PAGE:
Eric Hill, author of the Spot series, has created a flap book called Spot Goes to School. When Spot arrives at school with his mother, the child-listener opens a door flap, revealing the teacher and a group of students welcoming him. This depiction allows children to see that school is a safe and friendly place. Next, Spot feels a little apprehensive during song time (something he feels he is not prepared to do). The child-listener opens a flap to see him hiding under a table with the caption, “I can’t sing…” This situation is ideal for discussing a child’s fears about school or strategies for dealing with uncomfortable moments. Then, the youngsters play dress-up, build with block, and paint on easels. Each page has a flap where the child-listener can “find” Spot having fun with his classmates. Other activities that are depicted are story time, recess, and show and tell. Parents can talk about the various fun activities (such as the ones pictured) that the child can look forward to. When Spot’s mom arrives to take him home, he is so involved in all the excitement of the day that he does not want to leave!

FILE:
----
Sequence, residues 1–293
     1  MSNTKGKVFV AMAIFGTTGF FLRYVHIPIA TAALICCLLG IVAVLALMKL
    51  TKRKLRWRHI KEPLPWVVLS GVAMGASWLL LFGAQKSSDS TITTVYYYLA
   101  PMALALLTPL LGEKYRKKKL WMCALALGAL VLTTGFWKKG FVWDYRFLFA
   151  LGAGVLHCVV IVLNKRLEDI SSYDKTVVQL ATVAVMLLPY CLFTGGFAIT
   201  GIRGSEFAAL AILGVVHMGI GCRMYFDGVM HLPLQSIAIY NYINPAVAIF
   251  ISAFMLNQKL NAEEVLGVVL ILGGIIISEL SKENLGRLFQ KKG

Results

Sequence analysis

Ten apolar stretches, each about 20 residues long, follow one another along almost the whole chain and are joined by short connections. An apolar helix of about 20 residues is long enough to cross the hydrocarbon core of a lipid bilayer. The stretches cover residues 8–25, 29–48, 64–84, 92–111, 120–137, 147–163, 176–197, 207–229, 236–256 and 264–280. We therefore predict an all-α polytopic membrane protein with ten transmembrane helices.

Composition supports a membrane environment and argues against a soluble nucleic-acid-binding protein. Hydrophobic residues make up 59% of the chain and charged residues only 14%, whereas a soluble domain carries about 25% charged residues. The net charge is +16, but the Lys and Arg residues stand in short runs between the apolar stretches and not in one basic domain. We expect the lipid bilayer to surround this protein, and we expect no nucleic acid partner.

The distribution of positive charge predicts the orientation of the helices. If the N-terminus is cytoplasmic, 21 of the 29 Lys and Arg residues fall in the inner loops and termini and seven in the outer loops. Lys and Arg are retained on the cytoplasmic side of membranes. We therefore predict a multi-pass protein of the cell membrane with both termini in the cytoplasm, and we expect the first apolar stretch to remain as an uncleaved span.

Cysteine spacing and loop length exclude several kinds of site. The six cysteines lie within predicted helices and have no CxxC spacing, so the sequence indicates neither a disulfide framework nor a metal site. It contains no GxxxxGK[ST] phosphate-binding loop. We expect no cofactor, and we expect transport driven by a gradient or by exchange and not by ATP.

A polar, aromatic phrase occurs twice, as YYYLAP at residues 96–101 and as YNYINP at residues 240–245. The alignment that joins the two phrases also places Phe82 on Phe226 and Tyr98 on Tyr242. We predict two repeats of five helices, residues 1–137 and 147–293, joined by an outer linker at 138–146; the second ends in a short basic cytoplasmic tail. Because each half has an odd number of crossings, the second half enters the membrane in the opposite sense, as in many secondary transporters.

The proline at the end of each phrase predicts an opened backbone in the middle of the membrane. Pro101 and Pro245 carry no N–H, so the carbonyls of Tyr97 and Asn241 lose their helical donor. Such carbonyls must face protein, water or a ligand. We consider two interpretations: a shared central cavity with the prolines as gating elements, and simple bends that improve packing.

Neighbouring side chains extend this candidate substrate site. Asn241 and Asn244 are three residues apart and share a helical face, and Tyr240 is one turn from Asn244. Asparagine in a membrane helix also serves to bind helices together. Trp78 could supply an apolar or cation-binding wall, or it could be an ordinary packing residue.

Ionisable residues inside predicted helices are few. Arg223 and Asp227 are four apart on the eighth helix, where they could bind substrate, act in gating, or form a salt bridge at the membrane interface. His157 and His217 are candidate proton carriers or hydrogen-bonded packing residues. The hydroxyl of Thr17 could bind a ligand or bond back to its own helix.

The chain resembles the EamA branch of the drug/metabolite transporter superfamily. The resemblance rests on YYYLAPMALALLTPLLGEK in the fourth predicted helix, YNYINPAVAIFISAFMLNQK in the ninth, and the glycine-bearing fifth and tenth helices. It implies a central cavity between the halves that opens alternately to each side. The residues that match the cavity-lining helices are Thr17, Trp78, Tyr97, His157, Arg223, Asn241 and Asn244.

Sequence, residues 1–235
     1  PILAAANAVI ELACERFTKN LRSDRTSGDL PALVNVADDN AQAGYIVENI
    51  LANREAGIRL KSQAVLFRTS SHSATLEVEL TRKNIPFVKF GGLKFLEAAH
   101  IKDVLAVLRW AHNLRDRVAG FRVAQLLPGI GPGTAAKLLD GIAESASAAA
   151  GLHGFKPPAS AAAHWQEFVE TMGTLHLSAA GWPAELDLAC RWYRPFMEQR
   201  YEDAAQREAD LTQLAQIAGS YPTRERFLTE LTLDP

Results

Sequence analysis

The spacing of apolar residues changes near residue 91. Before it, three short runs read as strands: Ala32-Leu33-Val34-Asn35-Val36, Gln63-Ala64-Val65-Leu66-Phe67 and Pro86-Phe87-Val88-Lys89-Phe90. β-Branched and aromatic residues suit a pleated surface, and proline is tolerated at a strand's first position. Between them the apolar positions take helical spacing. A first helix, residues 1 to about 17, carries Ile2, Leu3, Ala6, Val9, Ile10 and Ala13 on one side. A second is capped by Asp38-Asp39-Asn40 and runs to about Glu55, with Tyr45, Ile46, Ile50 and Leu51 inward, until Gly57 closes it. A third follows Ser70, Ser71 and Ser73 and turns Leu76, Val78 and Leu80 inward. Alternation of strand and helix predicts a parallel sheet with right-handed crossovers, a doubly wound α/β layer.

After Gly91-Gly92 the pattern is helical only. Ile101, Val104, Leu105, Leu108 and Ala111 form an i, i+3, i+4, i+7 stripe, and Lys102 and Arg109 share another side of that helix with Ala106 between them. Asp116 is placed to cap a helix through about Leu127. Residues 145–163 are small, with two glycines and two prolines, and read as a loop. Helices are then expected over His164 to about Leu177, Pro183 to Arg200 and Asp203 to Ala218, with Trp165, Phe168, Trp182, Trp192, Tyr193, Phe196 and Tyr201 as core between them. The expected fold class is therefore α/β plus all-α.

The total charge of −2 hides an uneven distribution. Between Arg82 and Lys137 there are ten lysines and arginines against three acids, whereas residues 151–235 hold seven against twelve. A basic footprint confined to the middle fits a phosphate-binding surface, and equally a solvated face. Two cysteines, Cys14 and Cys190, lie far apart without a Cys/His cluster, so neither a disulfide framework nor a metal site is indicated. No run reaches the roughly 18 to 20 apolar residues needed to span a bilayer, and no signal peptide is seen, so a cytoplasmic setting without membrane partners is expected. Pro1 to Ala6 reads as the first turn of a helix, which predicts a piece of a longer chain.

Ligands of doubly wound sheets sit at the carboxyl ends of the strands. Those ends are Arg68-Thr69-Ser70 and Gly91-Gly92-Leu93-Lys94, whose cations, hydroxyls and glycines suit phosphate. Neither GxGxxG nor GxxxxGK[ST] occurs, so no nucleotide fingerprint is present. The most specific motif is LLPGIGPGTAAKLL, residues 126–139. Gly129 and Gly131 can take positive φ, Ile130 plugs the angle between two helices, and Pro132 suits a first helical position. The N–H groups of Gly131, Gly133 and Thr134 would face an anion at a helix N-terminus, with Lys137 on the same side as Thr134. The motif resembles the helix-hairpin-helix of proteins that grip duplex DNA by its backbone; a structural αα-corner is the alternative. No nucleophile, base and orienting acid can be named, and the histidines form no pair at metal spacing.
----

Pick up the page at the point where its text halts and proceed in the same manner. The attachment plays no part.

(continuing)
Lauren Thompson, creator of Mouse’s First series, has a wonderful book called Mouse’s First Day of School. Mouse crawls into a new hiding place: A backpack. He ends up in a new place to explore. Using vivid colors and endearing illustrations, mouse finds many wonderful objects in the classroom. He jumps down and finds blocks, a car, and a drum. He scurries up on the shelf where he discovers books and plants. In a corner, there are shapes and puzzles. All around the room there are thrilling sights! Thompson also utilizes onomatopoeia in many of her descriptions, such as “Sssip, slurp, crunch snacks!” and “Clang, bang, stir pots!” Other pictures have wonderful descriptive words like “Viny, climby, twiny plants!” and “Feathery, floppy, boppy hats!” The best part of the room is that it is full of “wiggly, giggly, best of all friends!” Mouse’s First Day of School is a wonderful book for developing early language and reading skills as parents can point out rhyming words, alliteration, sound words (onomatopoeia), action words, and much more! The simple poetic text makes it fun for children to read along. Ultimately, the book portrays school as a stimulating and lively place.